Estimated New HIV Diagnoses in the United States for the Most-Affected Subpopulations, 2015

Estimated New HIV Diagnoses in the United States for the Most-Affected Subpopulations, 2015

Source: CDC. Diagnoses of HIV infection in the United States and dependent areas, 2015. HIV Surveillance Report 2016;27. Subpopulations representing 2% or less of HIV diagnoses are not reflected in this chart. Abbreviation: MSM, men who have sex with men.


Living With HIV

  • An estimated 1,107,700 adults and adolescents were living with HIV at the end of 2014. Of those, 166,000 (15%) had not received a diagnosis.
  • Young people were the most likely to be unaware of their infection. Among people aged 13-24 who were living with HIV, an estimated 44% didn't know.
  • In 2014, among all adults and adolescents living with HIV (diagnosed or undiagnosed), 62% received some HIV medical care, 48% were retained in continuous HIV care, and 49% were virally suppressed (having a very low level of the virus).8 A person with a suppressed viral load can stay healthy and has a dramatically lower chance of transmitting the virus to others.


AIDS Diagnoses and Deaths

In 2015, 18,303 people received an AIDS diagnosis. Since the epidemic began in the early 1980s, 1,216,917 people have received an AIDS diagnosis.

In 2014, 6,721 deaths were attributed directly to HIV.


Footnotes

  1. Estimated annual HIV infections are the estimated number of new infections (HIV incidence) that occurred in a particular year, regardless of when those infections were diagnosed. Incidence data are not available for all subpopulations.
  2. HIV and AIDS diagnoses indicate when a person receives a diagnosis of HIV or AIDS, not when the person was infected.
  3. The term male-to-male sexual contact is used in CDC surveillance systems. It indicates a behavior that transmits HIV infection, not how individuals self-identify in terms of their sexuality. This fact sheet uses the term gay and bisexual men.
  4. In this fact sheet, PWID includes diagnoses attributed to injection drug use as well as those attributed to injection drug use and male-to-male sexual contact.
  5. Referred to as African American in this fact sheet.
  6. Hispanics/Latinos can be of any race.
  7. This fact sheet uses the regions defined by the US Census Bureau and used in CDC's National HIV Surveillance System:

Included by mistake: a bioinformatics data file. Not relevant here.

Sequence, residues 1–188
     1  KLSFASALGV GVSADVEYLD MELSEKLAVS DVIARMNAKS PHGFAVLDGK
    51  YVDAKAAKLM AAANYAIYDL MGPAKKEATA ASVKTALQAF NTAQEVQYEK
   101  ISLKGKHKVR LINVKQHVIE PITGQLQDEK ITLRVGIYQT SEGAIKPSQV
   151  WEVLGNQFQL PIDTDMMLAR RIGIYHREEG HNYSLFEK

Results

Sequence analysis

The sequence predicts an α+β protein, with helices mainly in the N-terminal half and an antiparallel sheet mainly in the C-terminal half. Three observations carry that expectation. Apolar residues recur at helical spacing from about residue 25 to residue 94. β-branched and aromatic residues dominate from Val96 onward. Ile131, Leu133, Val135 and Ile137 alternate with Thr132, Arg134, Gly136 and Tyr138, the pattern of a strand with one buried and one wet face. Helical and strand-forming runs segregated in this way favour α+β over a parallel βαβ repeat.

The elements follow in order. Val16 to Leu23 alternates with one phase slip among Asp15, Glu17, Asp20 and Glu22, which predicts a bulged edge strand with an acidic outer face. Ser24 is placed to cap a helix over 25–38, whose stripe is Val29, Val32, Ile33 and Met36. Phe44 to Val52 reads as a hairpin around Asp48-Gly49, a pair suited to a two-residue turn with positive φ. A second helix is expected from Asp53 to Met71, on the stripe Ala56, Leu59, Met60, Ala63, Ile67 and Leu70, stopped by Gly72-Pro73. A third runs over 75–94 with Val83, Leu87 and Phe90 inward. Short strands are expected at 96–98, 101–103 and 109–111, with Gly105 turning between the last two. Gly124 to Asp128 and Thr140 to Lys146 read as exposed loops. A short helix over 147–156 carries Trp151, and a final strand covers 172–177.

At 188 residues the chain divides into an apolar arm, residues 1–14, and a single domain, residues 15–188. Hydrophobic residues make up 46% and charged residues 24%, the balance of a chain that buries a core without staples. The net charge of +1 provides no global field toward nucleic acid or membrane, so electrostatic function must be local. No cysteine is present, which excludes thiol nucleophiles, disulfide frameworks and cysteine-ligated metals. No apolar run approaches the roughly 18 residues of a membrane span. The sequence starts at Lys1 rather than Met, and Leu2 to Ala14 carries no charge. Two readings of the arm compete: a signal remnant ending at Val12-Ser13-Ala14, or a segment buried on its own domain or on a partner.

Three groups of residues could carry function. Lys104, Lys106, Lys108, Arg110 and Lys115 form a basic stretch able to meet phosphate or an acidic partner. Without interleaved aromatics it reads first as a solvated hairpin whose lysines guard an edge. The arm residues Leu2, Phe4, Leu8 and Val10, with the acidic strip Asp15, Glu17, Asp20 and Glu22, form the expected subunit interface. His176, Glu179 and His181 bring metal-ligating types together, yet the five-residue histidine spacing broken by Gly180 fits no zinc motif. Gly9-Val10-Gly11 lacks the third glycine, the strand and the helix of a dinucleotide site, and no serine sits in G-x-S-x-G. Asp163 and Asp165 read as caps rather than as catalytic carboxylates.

Northeast: CT, ME, MA, NH, NJ, NY, PA, RI, VT
    Midwest: IL, IN, IA, KS, MI, MN, MO, NE, ND, OH, SD, WI
    South: AL, AR, DE, DC, FL, GA, KY, LA, MD, MS, NC, OK, SC, TN, TX, VA, WV
    West: AK, AZ, CA, CO, HI, ID, MT, NV, NM, OR, UT, WA, WY
  8. People are considered retained in care if they get two viral load or CD4 tests at least 3 months apart in a year. (CD4 cells are the cells in the body's immune system that are destroyed by HIV.) Viral suppression is based on the most recent viral load test.


Bibliography

  1. CDC. Deaths: Final data for 2014. National Vital Statistics Reports 2016;65(4). Accessed May 26, 2017.
  2. CDC. Diagnoses of HIV infection in the United States and dependent areas, 2015. HIV Surveillance Report 2016;27.
  3. CDC. HIV incidence: Estimated annual infections in the U.S., 2008-2014 [fact sheet]. Accessed May 26, 2017.
  4. CDC. Monitoring selected national HIV prevention and care objectives by using HIV surveillance data -- United States and 6 dependent areas -- 2015. HIV Surveillance Supplemental Report 2017;22(2).
  5. CDC. New HIV infections drop 18 percent in six years [press release]. Accessed May 26, 2017.
  6. CDC. State HIV prevention progress report, 2010-2013. December 2015.
  7. CDC. Trends in U.S. HIV diagnoses, 2005-2014 [fact sheet]. Accessed May 26, 2017.


Additional Resources

[Note from TheBody.com: This article was created by Centers for Disease Control and Prevetion, who last updated it on Sept. 8, 2017. We have cross-posted it with their permission.]